Optical Drive: Lite-On iHAS124-04 DVD/CD Writer ($17.99 @ Newegg)
Total: $1296.91
(Prices include shipping and discounts when available.)


CPU - I suggest Sandy Bridge. There are really no reasons to go Ivy Bridge if you are building a Gaming PC. It doesn't overclock as well as Sandy and the new process only really helps when dealing with stock CPU clocks, basically anything under 4.5GHz. After that, Ivy Bridge completely crumbles. If you're not going to OC, then go Ivy, but if you plan to in the future, Go Sandy.

Cooler - Great

Mobo - Good

Memory - Good

HDD - Good, I'm guessing Spin point somehow outperforms WD Caviar Black??

SSD - SSD's for games are really an iffy thing. You will simply not see substantial improvements in games other than BF3 that justify the money they cost. But if you wan't to speed through non-gaming APPS, SSDs are almost essential.

GPU - Phenomonal

Case - Good

PSU - Provides a good ceiling. But then again, the 750w suggests that you might want to run a multi-gpu setup at somepoint in the future, which, brings us back to OC'ing your CPU.

Optical Drive - nothing needs to be said lol

Conclusion, I'd say go Sandy for the CPU, Cooler Master is good enough to keep Sandy CPU's at good temps and if you ever want to OC, you have much more head room with Sandy. Ivy is good for video rendering and IGPU gaming. But Ivy simply cant OC like Sandy, and for gamers, that ability is critical to future-proofing.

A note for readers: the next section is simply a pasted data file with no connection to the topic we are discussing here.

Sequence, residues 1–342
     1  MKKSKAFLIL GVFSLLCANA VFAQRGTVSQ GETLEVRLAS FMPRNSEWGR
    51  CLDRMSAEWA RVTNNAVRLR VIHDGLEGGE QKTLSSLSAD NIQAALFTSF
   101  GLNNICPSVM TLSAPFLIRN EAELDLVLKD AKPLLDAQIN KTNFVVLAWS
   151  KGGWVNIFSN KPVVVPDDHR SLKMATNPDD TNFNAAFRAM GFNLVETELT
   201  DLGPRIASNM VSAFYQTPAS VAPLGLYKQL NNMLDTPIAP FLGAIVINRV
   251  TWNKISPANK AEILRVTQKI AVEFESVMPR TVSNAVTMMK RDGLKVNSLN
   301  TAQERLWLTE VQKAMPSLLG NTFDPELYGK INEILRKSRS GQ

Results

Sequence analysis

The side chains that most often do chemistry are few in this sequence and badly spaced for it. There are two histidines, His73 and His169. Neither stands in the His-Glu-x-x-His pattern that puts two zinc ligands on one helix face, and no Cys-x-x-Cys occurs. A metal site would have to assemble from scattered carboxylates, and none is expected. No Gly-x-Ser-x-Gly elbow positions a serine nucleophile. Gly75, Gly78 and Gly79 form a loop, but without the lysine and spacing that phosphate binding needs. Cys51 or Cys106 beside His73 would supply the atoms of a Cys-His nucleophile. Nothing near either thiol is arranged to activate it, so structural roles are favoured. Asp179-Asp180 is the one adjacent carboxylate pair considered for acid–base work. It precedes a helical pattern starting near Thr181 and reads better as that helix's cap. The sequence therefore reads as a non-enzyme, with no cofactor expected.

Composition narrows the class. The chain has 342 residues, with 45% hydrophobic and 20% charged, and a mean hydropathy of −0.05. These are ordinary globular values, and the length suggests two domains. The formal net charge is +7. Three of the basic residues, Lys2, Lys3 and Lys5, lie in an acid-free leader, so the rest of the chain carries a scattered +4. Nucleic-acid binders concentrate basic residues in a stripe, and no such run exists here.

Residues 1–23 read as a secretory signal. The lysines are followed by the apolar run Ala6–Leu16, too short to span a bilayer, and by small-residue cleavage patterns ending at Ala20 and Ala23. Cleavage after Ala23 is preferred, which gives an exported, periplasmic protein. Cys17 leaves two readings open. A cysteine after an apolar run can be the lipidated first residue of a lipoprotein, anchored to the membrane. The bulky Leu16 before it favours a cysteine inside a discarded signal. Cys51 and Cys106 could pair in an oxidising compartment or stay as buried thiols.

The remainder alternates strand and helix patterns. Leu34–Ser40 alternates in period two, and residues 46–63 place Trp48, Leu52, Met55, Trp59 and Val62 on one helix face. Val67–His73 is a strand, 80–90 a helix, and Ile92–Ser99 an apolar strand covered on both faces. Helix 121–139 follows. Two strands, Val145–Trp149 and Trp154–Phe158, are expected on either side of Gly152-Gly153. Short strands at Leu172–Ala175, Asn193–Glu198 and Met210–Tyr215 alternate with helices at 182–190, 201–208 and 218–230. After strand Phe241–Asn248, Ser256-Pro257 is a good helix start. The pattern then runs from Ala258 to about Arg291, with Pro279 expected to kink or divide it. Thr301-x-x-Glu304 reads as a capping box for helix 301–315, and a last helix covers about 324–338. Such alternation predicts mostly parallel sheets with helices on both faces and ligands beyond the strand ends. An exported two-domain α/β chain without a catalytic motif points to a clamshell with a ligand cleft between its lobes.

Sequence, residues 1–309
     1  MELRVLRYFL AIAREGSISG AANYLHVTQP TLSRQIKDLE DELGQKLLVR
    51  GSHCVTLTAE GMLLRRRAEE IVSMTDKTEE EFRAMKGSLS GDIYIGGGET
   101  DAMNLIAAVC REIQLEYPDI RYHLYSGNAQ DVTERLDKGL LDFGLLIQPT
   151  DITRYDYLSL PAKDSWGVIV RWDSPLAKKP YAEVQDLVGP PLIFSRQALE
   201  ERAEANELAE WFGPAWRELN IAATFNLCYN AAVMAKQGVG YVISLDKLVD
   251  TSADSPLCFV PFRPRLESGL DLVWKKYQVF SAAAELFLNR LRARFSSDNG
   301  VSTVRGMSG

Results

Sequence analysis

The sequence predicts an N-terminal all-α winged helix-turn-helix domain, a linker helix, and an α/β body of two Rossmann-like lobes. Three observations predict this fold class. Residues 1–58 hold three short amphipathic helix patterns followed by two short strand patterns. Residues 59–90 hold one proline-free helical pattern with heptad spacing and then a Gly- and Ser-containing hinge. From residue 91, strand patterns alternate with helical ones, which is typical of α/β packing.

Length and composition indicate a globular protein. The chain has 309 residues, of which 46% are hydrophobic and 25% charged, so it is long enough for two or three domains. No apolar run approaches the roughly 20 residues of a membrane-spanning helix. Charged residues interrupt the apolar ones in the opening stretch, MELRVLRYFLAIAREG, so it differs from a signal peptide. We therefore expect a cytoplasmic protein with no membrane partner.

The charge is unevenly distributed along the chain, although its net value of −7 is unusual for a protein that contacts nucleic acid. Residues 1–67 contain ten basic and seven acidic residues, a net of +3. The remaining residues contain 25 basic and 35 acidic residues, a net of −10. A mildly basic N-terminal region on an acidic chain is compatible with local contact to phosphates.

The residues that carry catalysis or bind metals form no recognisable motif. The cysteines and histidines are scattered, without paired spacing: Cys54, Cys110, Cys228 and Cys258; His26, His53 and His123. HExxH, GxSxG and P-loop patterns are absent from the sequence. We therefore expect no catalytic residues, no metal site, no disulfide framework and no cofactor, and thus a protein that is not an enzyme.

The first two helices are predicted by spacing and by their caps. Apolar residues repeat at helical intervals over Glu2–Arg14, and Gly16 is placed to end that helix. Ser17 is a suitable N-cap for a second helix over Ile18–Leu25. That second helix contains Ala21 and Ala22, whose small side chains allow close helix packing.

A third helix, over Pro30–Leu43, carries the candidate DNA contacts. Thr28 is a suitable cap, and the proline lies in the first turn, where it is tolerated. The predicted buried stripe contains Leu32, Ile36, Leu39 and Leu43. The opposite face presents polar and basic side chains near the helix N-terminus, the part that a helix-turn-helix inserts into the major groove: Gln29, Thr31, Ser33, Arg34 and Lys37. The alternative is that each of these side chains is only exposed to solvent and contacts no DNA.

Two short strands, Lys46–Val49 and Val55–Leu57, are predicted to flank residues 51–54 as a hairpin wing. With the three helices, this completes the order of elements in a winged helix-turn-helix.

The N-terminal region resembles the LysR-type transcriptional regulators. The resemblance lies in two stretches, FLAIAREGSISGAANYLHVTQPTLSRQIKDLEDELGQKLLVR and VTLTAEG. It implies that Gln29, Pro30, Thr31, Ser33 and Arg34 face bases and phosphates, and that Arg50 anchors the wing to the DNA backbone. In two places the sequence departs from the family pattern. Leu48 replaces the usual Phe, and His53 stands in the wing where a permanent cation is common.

BTW - Thanks G-Unit, you always provide a very good base set-up which makes it easy for people to swap-in and swap-out, if needed, very helpful !
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July 3, 2012 12:37:34 AM

Thanks for all the help....looking over all the info now! :hello: 
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July 3, 2012 1:11:50 AM

You don't need an i7 for gaming the i5-3570k will beat that CPu for gaming.

use a bether GPU then that one on a 1300$ budget. Either 670gtx or 680gtx (the new hd7970 if you prefer AMD) but the 670gtx for only 400-420$ is a real deal.

You don't need a 210$ mobo for gaming either I,d get a cheaper one personaly (130-140$) and get a SSD with more capacity. 8g is more then enough for gaming too, save another 50$ and spend it on the SSD.
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July 3, 2012 1:16:10 AM

bctande1 said:
CPU - I suggest Sandy Bridge. There are really no reasons to go Ivy Bridge if you are building a Gaming PC. It doesn't overclock as well as Sandy and the new process only really helps when dealing with stock CPU clocks, basically anything under 4.5GHz. After that, Ivy Bridge completely crumbles. If you're not going to OC, then go Ivy, but if you plan to in the future, Go Sandy.